[KUALA LUMPUR] Malaysia held its key interest rate steady for a third straight meeting as policy makers contend with a faltering economic outlook while facing pressure to shore up a weakening currency.
Bank Negara Malaysia kept the overnight policy rate at 3.25 per cent, it said in a statement in Kuala Lumpur today. The decision was predicted by all 20 economists surveyed by Bloomberg News. The central bank last raised rates in July.
Crude prices at half the level of a year ago have forced oil-producing Malaysia to cut government expenditure as Prime Minister Najib Razak announced last week growth may be slower than initially estimated in 2015.
With Singapore on Wednesday becoming at least the ninth economy to ease monetary policy this month, analysts say Bank Negara may have limited scope to use its key rate to support the ringgit.
"With all this pressure around, it's fairly unlikely that they want to hike interest rates at this point, even though the currency is under stress," Ho Woei Chen, an economist at United Overseas Bank Ltd in Singapore, said before the decision.
"The most likely outcome for them is actually to be on hold for this year, because of growth concern, because inflation may actually be not as bad as we original forecast."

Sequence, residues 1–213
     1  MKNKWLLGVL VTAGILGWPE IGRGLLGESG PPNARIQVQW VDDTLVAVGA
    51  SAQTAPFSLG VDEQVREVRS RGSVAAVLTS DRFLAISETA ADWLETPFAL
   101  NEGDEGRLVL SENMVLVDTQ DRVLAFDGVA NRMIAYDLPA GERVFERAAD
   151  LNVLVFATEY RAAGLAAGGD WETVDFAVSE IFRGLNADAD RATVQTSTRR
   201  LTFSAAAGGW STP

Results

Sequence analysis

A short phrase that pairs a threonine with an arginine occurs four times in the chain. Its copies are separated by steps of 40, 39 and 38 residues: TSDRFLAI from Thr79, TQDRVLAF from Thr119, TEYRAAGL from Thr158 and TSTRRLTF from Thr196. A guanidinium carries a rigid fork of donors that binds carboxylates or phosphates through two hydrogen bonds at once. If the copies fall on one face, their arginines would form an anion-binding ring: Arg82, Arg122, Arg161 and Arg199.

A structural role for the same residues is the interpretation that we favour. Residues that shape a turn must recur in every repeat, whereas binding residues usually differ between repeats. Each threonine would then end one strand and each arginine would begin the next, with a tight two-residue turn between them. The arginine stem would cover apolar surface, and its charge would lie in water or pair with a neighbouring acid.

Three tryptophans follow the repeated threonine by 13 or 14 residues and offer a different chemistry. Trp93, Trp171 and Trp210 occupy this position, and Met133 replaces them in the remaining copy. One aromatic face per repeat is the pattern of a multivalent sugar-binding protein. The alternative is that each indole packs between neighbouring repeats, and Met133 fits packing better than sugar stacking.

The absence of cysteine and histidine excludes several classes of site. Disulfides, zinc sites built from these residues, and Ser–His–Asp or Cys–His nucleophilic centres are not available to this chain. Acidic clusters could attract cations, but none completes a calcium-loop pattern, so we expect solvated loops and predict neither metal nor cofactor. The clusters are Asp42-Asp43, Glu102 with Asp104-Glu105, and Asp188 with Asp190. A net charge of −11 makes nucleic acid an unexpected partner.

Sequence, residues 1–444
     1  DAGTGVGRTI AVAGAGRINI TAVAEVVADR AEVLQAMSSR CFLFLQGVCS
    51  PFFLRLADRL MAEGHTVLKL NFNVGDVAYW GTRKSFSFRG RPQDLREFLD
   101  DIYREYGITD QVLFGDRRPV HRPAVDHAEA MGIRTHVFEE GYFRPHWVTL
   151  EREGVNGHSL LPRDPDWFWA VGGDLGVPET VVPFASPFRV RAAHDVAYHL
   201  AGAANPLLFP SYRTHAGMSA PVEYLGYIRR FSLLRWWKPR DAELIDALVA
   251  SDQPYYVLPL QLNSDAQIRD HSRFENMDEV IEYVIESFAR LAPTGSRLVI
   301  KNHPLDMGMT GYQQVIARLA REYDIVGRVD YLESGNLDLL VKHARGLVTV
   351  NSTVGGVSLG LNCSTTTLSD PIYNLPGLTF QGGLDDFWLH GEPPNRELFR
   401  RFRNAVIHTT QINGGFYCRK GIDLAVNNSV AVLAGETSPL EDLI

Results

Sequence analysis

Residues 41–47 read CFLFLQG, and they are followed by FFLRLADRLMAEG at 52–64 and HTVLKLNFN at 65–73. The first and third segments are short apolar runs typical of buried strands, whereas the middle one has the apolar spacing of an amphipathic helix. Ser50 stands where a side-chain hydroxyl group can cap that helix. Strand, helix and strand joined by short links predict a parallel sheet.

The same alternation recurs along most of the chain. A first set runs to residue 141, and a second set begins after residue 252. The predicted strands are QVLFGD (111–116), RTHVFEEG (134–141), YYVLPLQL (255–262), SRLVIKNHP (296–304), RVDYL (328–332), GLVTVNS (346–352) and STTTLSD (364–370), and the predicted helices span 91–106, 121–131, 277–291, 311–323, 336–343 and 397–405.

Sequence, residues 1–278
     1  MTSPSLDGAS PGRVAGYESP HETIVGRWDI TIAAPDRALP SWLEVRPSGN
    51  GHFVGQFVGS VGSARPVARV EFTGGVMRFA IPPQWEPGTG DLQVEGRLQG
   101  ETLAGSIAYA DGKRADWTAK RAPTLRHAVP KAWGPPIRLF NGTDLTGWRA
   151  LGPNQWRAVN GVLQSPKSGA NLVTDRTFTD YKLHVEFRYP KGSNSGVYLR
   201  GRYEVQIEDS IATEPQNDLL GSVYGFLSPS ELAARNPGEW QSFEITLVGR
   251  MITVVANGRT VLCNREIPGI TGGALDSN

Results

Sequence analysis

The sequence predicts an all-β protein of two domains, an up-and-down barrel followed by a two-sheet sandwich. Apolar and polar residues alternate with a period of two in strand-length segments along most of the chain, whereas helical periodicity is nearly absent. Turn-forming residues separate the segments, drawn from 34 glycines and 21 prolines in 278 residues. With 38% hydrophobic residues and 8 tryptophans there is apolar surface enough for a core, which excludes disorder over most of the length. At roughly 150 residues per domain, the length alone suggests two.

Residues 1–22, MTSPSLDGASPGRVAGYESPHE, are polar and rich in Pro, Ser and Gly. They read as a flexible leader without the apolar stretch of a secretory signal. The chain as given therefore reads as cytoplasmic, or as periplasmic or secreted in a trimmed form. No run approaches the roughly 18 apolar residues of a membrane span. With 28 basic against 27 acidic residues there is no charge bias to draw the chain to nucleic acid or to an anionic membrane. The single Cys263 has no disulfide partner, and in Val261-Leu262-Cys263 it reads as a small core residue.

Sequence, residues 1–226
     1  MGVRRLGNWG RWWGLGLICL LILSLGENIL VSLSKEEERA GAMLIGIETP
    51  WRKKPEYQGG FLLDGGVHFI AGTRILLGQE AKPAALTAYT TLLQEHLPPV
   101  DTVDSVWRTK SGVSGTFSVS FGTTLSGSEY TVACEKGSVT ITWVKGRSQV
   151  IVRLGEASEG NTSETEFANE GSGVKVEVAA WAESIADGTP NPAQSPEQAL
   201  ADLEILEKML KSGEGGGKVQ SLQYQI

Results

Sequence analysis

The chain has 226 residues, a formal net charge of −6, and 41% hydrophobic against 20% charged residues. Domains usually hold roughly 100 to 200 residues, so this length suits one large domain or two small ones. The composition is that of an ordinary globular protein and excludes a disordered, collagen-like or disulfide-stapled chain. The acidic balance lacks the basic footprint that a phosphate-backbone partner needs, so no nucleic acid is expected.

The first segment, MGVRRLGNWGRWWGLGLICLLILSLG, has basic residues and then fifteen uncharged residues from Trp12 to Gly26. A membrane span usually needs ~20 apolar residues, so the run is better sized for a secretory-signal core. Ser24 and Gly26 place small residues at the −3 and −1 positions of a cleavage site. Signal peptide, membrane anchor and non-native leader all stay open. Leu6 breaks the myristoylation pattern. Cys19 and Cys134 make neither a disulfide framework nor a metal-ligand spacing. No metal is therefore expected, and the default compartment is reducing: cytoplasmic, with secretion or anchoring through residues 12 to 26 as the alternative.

The currency has fallen about 3.4 per cent against the US dollar this year, the worst performer among 11 major Asian currencies tracked by Bloomberg. The ringgit depreciated 0.6 per cent to 3.6185 in Kuala Lumpur, data compiled by Bloomberg show. The currency slid to 3.6277 on Jan 21, the weakest level since April 2009.
Malaysia's foreign-exchange reserves have dropped to the lowest level since March 2011 amid speculation the central bank is intervening to curb the decline in the currency.
The economy is projected to expand 4.5 per cent to 5.5 per cent this year, Mr Najib said Jan 20, compared with an earlier forecast of as much as 6 per cent growth.
Inflation this year will be between 2.5 per cent and 3.5 per cent, central bank Governor Zeti Akhtar Aziz said on Tuesday. The government in October projected consumer price gains to average 4 per cent to 5 per cent this year. The inflation rate was 2.7 per cent in December.
"At the current level, the stance of monetary policy remains accommodative and is assessed to be appropriate given the developments in monetary and financial conditions," the central bank said on Wedesday.
"The Monetary Policy Committee will continue to carefully assess the external developments and their implications on the Malaysian economy."
While a new consumption tax of 6 per cent is set to start in April, price pressures may be limited as the government announced this month it will postpone tariff increases for electricity and gas to reduce the burden for businesses.